Earlier this year we awarded a three-year Clinical Research Fellowship to Dr Jay Amin at the University of Southampton, a doctor specialising in Old Age Psychiatry. We chatted to Jay about the aims of his project, how he became interested in dementia research and what interests him outside the clinic. Dr Amin’s Alzheimer’s Research UK Clinical Research Fellowship is supported by funding from the Lewy Body Society.
I did my medical undergraduate training in Southampton, and junior doctor training in Winchester where I specialised in General Psychiatry then Old Age Psychiatry, focusing on diagnosing and treating people with dementia.
I also did an Academic Clinical Fellowship, which was supervised by Dr Delphine Boche and Prof Clive Holmes at the University of Southampton and involved looking at brain tissue from people with Alzheimer’s disease, as well as working on some clinical trials. It was during that period that I became fascinated by research into the different types of dementia.
Your background is in working with patients in the clinic. What made you want to branch out and be a researcher?
When I’m in clinic with people with dementia and their families, there isn’t a lot we can offer them in terms of medication. There’s plenty we can do to help support them, but there are limited treatments, and those that do exist don’t work for everyone. I often feel that my hands are tied, and I wanted to do something to help try and develop a greater understanding of these diseases to help find new treatments.
What does your research focus on?
I’m looking at the role of the immune system in dementia with Lewy bodies (DLB). In DLB, people have very troubling symptoms like visual hallucinations, and they often have falls, which can make life very difficult for them. It can be hard to diagnose because some of the symptoms overlap with Alzheimer’s disease and Parkinson’s disease. There’s lots of research going on into the immune system in Alzheimer’s, but very little looking at it in DLB.
For my project I’m recruiting volunteers into a clinical study to examine their blood for specific immune system markers. For this I’m working with Clive Holmes and the Memory Assessment Research Centre in Southampton.
I’m also studying tissue from brains that were donated by people who had Alzheimer’s disease and DLB during their lives, as well as healthy people, to look at markers of the immune system in the brain. I want to get a broad overview of whether the immune system is different in people with DLB.
Why is this important?
We still don’t know very much about why people get Alzheimer’s disease, and even less about DLB. If we identify changes in the immune system, we might then be in a position to help develop a way of making a more accurate diagnosis. An accurate diagnosis is really important because it can help us to provide more tailored medical care to people, but it can also help clinical trials. When you’re testing a new treatment, you need to know you’re testing it in the right group of people.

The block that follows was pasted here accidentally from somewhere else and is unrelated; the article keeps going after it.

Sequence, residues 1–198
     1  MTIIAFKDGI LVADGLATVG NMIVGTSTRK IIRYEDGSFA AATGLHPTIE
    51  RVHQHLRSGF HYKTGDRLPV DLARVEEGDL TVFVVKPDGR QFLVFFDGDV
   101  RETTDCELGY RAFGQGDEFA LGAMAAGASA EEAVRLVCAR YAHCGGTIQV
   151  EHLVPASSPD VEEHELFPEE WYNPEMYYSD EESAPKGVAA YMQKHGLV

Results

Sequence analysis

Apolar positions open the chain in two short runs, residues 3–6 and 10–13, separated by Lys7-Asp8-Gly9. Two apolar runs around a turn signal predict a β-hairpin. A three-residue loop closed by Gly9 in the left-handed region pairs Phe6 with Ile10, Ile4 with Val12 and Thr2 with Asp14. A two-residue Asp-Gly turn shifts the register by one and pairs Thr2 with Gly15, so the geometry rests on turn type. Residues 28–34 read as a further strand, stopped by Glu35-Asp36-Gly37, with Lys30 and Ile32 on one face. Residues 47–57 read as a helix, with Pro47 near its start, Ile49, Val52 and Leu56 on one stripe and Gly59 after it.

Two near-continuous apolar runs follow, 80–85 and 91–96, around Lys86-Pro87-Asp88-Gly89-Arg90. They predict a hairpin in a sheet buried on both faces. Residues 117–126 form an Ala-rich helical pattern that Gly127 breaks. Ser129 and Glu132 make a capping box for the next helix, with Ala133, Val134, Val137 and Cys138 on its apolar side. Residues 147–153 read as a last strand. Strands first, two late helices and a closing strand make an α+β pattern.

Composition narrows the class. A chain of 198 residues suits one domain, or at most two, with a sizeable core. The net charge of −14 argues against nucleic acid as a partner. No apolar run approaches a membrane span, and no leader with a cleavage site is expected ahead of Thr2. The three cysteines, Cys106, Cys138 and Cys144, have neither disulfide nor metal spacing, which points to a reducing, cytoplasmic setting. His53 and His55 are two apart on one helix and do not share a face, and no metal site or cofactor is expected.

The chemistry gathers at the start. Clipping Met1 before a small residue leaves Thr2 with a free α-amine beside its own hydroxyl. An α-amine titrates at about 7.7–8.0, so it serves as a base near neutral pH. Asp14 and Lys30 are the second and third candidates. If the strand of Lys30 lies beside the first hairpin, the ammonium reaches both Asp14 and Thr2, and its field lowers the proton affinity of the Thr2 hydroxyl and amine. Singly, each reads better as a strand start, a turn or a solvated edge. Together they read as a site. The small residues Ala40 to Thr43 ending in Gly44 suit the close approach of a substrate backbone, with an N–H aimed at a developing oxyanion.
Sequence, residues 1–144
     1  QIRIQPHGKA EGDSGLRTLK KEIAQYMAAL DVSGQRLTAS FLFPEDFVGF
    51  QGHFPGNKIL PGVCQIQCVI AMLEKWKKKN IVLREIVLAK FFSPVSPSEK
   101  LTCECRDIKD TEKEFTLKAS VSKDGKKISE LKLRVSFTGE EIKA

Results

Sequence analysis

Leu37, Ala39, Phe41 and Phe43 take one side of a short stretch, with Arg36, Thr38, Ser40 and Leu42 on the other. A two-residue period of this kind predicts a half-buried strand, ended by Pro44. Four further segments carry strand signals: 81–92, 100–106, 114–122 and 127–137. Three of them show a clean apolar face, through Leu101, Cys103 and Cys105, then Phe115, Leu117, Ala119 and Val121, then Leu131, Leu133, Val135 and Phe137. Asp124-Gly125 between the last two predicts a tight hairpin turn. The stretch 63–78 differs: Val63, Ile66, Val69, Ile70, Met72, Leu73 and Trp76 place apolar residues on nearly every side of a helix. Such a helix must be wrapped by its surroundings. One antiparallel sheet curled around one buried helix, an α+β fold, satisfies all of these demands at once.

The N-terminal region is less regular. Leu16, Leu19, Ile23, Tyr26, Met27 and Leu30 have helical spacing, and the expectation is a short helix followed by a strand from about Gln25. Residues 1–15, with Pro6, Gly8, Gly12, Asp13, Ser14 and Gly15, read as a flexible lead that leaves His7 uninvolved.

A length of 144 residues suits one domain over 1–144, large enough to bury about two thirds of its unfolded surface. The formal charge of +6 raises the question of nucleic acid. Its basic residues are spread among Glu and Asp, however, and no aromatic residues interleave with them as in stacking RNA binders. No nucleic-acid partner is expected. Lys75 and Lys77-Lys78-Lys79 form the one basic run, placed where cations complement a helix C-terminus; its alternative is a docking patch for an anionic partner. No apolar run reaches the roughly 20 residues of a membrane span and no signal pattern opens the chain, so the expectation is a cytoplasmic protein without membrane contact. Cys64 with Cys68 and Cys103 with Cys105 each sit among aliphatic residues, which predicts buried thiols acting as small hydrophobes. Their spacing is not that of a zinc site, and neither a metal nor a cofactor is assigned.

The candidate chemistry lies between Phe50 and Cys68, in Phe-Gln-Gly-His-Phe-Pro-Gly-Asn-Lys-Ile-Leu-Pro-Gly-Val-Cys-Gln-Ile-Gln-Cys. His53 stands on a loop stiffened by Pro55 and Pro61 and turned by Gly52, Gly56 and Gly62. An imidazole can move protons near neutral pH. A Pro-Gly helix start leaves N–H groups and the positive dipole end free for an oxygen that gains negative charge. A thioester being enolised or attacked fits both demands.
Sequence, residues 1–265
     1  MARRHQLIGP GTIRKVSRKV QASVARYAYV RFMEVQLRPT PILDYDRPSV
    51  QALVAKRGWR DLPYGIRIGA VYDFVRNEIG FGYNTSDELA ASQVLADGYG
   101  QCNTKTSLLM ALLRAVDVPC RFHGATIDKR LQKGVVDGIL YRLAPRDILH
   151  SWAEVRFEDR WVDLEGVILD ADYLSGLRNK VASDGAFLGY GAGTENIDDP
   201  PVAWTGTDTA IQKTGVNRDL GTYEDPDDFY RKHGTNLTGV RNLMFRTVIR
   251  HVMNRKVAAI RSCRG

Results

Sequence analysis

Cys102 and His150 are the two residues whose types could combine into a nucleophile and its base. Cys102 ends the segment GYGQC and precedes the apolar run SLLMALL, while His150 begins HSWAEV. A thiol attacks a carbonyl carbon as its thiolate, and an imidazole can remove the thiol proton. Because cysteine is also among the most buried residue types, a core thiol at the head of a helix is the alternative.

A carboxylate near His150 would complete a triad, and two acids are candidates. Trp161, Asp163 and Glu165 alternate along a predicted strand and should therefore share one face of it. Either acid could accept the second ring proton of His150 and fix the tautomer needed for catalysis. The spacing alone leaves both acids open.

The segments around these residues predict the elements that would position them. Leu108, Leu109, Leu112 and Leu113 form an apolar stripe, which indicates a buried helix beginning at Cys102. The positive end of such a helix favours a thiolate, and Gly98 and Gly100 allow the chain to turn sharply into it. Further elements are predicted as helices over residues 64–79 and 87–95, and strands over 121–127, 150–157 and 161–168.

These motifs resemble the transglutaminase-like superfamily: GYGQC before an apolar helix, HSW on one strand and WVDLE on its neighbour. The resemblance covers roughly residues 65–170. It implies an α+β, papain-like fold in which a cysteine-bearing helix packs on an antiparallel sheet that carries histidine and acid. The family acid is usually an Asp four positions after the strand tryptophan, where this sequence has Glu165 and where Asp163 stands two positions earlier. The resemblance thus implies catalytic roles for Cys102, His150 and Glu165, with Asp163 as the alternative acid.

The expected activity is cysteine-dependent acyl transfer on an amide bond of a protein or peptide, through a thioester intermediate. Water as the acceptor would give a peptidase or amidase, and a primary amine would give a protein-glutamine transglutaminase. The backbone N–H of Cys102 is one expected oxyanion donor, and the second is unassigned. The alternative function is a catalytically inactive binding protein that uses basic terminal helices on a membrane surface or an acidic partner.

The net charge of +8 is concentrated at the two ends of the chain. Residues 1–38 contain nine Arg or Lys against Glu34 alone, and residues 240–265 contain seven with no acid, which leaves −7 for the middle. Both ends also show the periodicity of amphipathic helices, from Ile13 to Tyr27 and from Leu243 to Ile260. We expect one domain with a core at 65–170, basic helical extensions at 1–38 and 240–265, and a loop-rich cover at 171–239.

What first made you become interested in working on dementia?
The clinical side came first for me. I was really struck by how devastating the condition is, not only for the patients, but for their families. It’s becoming more and more apparent that we’re going to have more people with dementia in the future, and if we can develop better treatments, that will have far reaching benefits.
What’s been the highlight of your career so far?
Passing my postgraduate exams and becoming a member of the Royal College of Psychiatrists was something I worked hard for and was an important moment for me. And the other was being awarded the Clinical Research Fellowship by Alzheimer’s Research UK, and being funded to work on this project for three years.
What advice would you give to other clinicians who might be thinking of a career in dementia research?
Definitely try it out. Clinical work can be challenging and sometimes people feel there’s no time for research, but there are ways of getting involved. If you enjoy it and find you’re suited to it, it’s definitely worth pursuing.
If you had to convince someone about the need for dementia research in one line, what would you say?
Dementia is likely to be the biggest public health issue during this generation and the next so we really have to do all we can to meet this challenge now.
What do you like to do in your spare time?
My wife and I really enjoy travelling, and we’ve been lucky enough to explore some really great places: earlier this year we went to Australia, which was fantastic. For my sins, I’m an Arsenal fan and I’m also an avid follower of cricket. I’m quite into adrenaline activities like skydiving and I’ve recently got into scuba diving.
What one thing couldn’t you live without?
Apart from my wife, I’m going to have to say my phone – I’m constantly using it!